Over the last century, our culture has repeatedly sacrificed our collective conscience, for example, in accepting contraception and sterilization, no-fault divorce, abortion, euthanasia, embryonic stem-cell research, and same-sex so-called marriage. The Health and Human Services’ mandate is yet another wound of this kind. Several times, I have encouraged you to learn about the consequences of this law, and to work and pray for its overturning or correction.

Last week, the Supreme Court heard arguments in two HHS mandate cases, Hobby Lobby v. Sebelius, and Conestoga v. Sebelius. In both cases, the current administration tried to argue that it is not only acceptable but necessary for economic actors in the public square to set aside “private” moral convictions about contraception, sterilization, and chemical abortifacients. By this argument, the mandate does not burden conscience because conscience has no place in public life.

The “reduction to the absurd” of this line of argument is clear. If conscience has no place in public life, then all sorts of evils are tolerable. Moreover, without private morality, only the government is moral, and whatever the government wants to do is by definition right and good. As citizens, we are clearly threatened in our persons by such logic. As brothers and sisters in solidarity with each other, we know that governments that believe they are the arbiters of “right” and “good” will not hesitate to do away with or marginalize those who try to convince people otherwise. And as disciples of our Lord Jesus Christ, we know that conscience and freedom are worth far more than this and must be preserved.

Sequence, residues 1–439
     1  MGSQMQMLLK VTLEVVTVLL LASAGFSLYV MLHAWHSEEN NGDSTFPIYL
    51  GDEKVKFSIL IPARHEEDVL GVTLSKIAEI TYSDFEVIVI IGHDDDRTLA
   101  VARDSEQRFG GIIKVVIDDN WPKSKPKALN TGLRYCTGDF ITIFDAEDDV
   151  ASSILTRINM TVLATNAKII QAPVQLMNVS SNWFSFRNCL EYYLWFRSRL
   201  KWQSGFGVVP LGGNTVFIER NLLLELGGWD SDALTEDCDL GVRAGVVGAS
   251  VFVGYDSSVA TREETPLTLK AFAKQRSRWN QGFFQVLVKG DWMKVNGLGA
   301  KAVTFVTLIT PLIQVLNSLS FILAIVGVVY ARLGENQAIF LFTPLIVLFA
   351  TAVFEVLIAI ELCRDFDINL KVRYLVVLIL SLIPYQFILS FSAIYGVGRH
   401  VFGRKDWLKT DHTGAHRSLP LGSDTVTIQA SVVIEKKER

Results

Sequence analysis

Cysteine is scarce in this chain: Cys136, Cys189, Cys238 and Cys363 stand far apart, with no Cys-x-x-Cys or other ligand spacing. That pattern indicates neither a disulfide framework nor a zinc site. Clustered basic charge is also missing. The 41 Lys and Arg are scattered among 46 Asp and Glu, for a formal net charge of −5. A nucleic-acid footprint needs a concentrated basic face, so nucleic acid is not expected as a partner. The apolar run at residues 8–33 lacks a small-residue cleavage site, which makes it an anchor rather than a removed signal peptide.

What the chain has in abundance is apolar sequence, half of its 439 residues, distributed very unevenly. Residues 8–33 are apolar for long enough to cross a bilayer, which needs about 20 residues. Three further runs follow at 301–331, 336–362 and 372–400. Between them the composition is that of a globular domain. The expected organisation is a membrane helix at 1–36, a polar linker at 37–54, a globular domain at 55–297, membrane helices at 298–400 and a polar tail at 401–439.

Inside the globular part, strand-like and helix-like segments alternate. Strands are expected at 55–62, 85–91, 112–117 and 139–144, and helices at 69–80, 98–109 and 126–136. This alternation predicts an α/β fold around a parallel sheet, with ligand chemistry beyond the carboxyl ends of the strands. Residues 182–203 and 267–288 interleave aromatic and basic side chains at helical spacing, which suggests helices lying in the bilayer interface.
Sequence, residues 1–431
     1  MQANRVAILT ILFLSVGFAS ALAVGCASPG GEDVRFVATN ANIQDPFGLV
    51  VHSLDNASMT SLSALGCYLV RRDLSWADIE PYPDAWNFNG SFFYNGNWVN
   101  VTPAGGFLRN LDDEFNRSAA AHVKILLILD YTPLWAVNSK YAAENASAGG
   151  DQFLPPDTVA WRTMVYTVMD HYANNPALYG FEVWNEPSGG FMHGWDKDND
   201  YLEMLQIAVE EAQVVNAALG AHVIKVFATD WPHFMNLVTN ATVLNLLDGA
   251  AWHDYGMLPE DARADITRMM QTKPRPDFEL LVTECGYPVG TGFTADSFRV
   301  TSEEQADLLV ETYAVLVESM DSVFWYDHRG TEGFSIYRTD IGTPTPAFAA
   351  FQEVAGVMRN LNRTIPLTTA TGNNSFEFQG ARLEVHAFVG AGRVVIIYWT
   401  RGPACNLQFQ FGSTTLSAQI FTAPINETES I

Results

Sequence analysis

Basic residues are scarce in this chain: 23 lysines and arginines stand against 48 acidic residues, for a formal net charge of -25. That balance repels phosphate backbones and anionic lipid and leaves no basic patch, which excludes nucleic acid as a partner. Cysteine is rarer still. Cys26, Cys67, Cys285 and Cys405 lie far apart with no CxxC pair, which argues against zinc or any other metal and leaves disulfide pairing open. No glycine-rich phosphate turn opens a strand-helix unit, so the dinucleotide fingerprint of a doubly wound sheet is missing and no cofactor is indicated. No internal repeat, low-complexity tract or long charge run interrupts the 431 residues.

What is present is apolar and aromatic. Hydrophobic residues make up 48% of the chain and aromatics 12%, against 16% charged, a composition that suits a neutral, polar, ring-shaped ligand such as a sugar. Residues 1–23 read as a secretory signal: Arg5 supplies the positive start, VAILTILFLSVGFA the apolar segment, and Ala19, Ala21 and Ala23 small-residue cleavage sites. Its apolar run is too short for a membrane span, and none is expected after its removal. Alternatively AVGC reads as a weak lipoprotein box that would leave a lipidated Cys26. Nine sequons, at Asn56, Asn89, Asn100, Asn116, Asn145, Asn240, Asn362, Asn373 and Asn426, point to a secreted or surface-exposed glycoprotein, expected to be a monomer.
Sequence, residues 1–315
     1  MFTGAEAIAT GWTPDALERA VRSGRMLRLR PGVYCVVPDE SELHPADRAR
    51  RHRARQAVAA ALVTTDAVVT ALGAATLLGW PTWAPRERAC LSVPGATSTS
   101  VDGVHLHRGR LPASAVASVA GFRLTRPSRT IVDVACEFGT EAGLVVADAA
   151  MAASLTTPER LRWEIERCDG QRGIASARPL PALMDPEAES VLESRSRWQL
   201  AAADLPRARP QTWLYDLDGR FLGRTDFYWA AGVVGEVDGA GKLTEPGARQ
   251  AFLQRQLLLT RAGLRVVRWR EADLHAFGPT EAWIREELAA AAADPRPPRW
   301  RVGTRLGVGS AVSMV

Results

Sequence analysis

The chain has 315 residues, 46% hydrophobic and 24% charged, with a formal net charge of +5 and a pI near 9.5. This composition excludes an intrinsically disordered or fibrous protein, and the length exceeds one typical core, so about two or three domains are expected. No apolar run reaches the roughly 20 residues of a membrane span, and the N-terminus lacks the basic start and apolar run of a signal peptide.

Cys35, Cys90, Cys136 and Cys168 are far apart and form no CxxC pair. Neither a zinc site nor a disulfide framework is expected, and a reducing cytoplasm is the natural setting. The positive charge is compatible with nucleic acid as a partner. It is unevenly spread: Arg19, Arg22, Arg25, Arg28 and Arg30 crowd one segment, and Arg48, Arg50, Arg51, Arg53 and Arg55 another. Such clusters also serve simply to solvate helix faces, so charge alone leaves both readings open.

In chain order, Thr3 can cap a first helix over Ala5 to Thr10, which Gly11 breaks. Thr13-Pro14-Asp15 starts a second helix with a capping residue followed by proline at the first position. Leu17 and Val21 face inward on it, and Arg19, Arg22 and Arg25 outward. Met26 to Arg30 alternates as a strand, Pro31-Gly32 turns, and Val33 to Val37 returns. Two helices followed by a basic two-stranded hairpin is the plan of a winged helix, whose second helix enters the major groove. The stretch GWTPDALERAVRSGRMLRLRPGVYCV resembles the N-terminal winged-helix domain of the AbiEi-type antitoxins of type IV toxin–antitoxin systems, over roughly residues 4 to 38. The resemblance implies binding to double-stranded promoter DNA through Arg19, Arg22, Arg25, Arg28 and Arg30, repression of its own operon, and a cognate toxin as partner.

Every one of us has the power to do just that, by the example of our life lived totally for our Lord Jesus Christ. Our fidelity to the Gospel exposes the devil’s lie. Our Lenten observances, by joining us the Cross, form us for this spiritual battle, and prepare us to share also in the Easter victory of Christ. We can only live with him if we die with Him – which is the precisely the program of Lent. And our faithful, hopeful, and joyful example of Christ alive in us can bring hearts and minds to accept his light and grace.

I know my words today are heavy and somewhat difficult to hear. Yet, it is so important to hear the truth and lead others to it. I have confidence that you can do this.

May these days of Lent increase your love for our Savior and your devotion. Please pray for our judges, and for the defense of religious freedom and individual conscience, and the liberty of our holy mother, the Church. I pray fervently for all of you.

Your brother in Christ,

Most Reverend R. Walker Nickless
Bishop of Sioux City